Each year, Alabama taxpayers can deduct contributions made to CollegeCounts up to:1
- $5,000 single filers
- $10,000 married, filing jointly when both spouses contribute
The Alabama tax deadline is December 31.
Can I still make a 529 college savings contribution for 2016?
Because it is past December 31, 2016, the answer is no. That was the last day you could open a new CollegeCounts 529 account or contribute to an existing account for the 2016 tax year. This is, however, an excellent time to get a jump on 2017.
How can I determine my 2016 contributions for Alabama Income Tax Deduction purposes?
Review any contributions you made in that calendar year. Your December 31, 2016, account statement includes year-to-date contributions, which totals all account contributions received during the calendar year. Here are several important points to consider:
- Your 4th Quarter 2016 statement provides the year-to-date contribution totals for your account. The “YTD Contributions” detail includes all contributions received and invested from January 1, 2016 through December 31, 2016. Please keep the following in mind as you determine the total amount you may be able to deduct on your Alabama state income tax return.
- If you mailed a contribution in late-December 2016 that was invested in January 2017 as a 2016 “Prior Year Contribution,” the contribution would not be on your 4th Quarter 2016 statement because it was not received prior to December 31. Any contributions with a 2016 postmark that were invested in 2017 as “Prior Year Contributions” will be on your 1st Quarter 2017 statement. You will need to add “Prior Year Contributions” for 2016 to the “YTD Contributions” total on your 4th Quarter 2016 statement for Alabama tax deduction purposes.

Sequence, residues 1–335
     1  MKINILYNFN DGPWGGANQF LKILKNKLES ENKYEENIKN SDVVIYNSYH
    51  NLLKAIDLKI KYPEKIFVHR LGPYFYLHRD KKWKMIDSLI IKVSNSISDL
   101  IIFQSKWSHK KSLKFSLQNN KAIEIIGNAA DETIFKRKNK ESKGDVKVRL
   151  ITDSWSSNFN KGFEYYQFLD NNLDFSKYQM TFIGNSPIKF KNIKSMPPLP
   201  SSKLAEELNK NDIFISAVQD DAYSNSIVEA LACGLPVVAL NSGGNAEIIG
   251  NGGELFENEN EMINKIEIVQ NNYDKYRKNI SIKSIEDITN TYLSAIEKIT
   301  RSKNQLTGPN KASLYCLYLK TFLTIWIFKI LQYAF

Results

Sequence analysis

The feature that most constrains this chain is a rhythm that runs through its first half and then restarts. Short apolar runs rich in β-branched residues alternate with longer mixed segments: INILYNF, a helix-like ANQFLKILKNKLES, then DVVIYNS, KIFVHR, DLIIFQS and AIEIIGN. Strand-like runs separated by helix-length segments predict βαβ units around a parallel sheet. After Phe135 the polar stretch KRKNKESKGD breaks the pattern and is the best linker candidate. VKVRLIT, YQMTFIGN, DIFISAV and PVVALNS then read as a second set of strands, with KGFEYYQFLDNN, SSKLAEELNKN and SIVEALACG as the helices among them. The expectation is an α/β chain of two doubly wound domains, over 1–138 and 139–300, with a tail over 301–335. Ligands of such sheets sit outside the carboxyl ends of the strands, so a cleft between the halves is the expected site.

- You may also need to subtract any contributions that were invested in January 2016 for the previous tax year (2015) to determine the correct amount for your 2016 tax deduction. Any “Prior Year Contributions” for 2015 should be subtracted from the YTD total on your 4th Quarter 2016 statement. Similarly, if family members or friends made contributions to your account, you would also need to subtract those contributions—each contributor is eligible to take the Alabama income tax deduction for contributions they may have made.
- Keep in mind, a contributor does not have to be the Account Owner to take advantage of the deduction. Any family members or friends who are Alabama taxpayers can take the deduction for any contributions they may have made to your account.
- Rollovers: The “YTD Contributions” reported includes any out-of-state rollovers into CollegeCounts. If you rolled over an out-of-state 529 plan to CollegeCounts the rollover can be deductible for Alabama state income tax purposes.
Alabama Tax Forms: You will report contributions to CollegeCounts on your Alabama Department of Revenue 2016 Form 40 (Part II – Line 8) for state of Alabama tax deduction purposes.
Please don’t hesitate to contact us at (866) 529-2228 if you have questions in determining the amount of your 2016 contributions eligible for the Alabama income tax deduction.
1Individuals who file an Alabama state income tax return are eligible to deduct for Alabama state income tax purposes up to $5,000 per tax year ($10,000 for married taxpayers filing jointly if both actually contribute) for total combined contributions to the Plan and other State of Alabama 529 programs. The contributions made to such qualifying plans are deductible on the tax return of the contributing taxpayer for the tax year in which the contributions are made. In the event of a Nonqualified Withdrawal from the Plan, for Alabama state income tax purposes, an amount must be added back to the income of the contributing taxpayer in an amount of the Nonqualified Withdrawal plus ten (10%) percent of such amount withdrawn. Such amount will be added back to the income of the contributing taxpayer in the tax year that the Nonqualified Withdrawal was distributed. Please consult with your tax professional.